Frank and engaging, Mathis is the principal at Revolver Studios (Twitter), a thriving branding and marketing firm she founded in June 2009. Mathis’s background is working with luxury brands like Hermes and Cartier, but Revolver maintains an edgy, irreverent, yet meticulously crafted aesthetic. As Mathis says, if a client wants boring, she can do it, and very well. But she prefers to keep things fun and now has an international client list. In fact, the day after we spoke, she was jetting off to El Salvador to meet with a new company.

Although Mathis’s five-person office is located by the Embarcadero (gotta keep up a high-end image, she explains) she makes her home in a neighborhood all her friends warned her against. Mathis had four roommates in her prior apartment in the Dogpatch and quite frankly, she says, the Tenderloin was one of the cheapest neighborhoods for studios. After she got used to the street noise, Mathis explored the area and she can’t say enough about the care and expertise with which the chef at Lahore Karahi fixes delicious Punjabi food. She also recommends the newly opened Hooker’s Sweet Treats as a meeting spot for business associates.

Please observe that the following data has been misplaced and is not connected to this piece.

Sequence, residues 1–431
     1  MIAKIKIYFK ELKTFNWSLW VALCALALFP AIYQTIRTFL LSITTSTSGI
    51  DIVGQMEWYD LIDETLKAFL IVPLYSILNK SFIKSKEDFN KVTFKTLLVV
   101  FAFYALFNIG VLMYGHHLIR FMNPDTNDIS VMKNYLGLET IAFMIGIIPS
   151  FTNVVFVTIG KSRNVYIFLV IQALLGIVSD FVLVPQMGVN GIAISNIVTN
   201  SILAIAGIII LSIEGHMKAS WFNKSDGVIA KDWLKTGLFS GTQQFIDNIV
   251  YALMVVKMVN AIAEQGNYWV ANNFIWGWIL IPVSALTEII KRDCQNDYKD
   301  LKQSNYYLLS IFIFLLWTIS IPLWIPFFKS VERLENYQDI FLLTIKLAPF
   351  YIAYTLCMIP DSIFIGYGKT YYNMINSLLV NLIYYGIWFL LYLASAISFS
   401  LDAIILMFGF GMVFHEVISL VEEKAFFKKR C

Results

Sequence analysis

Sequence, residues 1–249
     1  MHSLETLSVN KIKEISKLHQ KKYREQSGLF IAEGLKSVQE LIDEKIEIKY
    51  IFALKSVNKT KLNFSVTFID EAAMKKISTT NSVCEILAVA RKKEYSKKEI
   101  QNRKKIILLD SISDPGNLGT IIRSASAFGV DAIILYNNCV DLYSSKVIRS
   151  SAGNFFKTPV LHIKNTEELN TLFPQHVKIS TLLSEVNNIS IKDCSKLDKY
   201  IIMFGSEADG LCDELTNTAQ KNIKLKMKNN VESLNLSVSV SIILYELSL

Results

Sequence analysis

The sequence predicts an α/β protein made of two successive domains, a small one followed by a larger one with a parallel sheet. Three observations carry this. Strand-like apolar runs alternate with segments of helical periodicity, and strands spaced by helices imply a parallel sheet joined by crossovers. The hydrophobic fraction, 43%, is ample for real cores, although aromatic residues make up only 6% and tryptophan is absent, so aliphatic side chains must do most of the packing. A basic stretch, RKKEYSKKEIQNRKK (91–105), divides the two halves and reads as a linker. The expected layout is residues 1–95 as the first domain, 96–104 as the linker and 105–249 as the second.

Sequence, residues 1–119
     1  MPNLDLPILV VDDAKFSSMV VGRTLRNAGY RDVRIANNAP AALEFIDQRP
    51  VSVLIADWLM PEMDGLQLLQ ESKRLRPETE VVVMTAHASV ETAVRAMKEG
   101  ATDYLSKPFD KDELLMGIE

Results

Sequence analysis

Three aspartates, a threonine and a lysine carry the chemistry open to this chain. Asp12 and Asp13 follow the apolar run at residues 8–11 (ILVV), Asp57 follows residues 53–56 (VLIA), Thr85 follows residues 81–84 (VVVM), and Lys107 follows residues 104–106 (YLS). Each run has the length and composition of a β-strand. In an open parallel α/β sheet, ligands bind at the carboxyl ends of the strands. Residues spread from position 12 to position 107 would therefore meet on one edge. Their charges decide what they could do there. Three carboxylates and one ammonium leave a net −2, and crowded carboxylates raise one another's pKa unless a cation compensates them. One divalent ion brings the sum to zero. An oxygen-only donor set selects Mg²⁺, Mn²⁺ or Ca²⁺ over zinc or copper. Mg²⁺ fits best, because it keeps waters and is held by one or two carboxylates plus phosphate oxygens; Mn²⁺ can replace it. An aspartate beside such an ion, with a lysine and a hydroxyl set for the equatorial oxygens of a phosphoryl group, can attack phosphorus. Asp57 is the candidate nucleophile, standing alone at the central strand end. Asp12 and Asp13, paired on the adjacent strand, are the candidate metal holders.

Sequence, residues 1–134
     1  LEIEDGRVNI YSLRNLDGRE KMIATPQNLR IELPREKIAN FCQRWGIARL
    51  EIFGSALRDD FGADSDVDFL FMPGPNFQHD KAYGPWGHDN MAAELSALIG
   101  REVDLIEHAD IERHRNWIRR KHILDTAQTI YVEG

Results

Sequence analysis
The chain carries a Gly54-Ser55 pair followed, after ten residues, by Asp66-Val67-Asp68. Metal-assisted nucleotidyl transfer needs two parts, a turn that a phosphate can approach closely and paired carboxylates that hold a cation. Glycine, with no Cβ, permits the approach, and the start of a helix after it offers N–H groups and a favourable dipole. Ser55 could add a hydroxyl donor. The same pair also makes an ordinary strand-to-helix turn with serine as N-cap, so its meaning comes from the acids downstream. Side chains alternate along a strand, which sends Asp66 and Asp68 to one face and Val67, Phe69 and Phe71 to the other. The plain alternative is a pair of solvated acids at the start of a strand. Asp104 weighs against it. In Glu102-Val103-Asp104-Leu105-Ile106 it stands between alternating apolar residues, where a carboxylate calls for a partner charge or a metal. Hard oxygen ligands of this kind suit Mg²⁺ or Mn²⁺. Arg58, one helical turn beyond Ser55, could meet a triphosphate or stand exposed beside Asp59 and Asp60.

For now, Mathis intends to stay in the Tenderloin, and she wants to keep her business as it is as well. “I want to stay small, it allows us to be nimble,” she says. But Mathis also recognizes that change, both in her business and her neighborhood is inevitable. She feels the Tenderloin has a way to go before it gets too expensive, and thinks “Oakland is in a good place right now” in terms of gentrification. Mathis is quick to say that despite the Tenderloin’s reputation as a hotbed for the drug trade and thieves, she’s never had any personal attacks. In fact, the one time she got her phone stolen, it was in the Financial District. “I was so glad it didn’t happen in the Tenderloin because I just knew everyone would tell me, ‘We told you so’,” she says. “It’s up to people like us not to be afraid of the rep.”

Photo credit: Brandon Joseph Baker. Shot in Mathis’s Tenderloin apartment.